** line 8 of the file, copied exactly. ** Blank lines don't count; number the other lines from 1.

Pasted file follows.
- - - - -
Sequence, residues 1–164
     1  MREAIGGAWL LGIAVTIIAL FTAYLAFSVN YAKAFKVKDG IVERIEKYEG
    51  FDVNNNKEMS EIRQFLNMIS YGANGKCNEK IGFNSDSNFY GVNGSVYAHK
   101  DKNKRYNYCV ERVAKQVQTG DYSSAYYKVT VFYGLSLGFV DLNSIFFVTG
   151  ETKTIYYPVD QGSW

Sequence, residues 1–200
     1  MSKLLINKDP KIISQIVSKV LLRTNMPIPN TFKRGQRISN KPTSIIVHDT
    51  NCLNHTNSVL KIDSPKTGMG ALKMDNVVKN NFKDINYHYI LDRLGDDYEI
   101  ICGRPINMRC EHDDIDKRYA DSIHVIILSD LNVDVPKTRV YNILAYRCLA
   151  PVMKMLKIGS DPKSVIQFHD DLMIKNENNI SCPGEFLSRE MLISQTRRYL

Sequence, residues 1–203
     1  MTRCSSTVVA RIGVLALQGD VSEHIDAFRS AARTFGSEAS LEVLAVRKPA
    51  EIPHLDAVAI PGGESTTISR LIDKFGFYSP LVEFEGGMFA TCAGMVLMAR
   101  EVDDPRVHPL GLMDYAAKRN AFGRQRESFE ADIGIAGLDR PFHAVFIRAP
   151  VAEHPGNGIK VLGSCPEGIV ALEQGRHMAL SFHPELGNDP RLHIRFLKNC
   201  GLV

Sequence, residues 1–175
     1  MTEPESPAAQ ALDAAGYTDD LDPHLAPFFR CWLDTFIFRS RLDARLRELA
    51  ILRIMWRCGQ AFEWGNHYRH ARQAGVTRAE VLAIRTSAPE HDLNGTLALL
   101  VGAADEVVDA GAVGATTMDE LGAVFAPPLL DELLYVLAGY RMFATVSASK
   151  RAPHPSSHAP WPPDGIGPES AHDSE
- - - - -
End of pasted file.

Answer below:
    51  NCLNHTNSVL KIDSPKTGMG ALKMDNVVKN NFKDINYHYI LDRLGDDYEI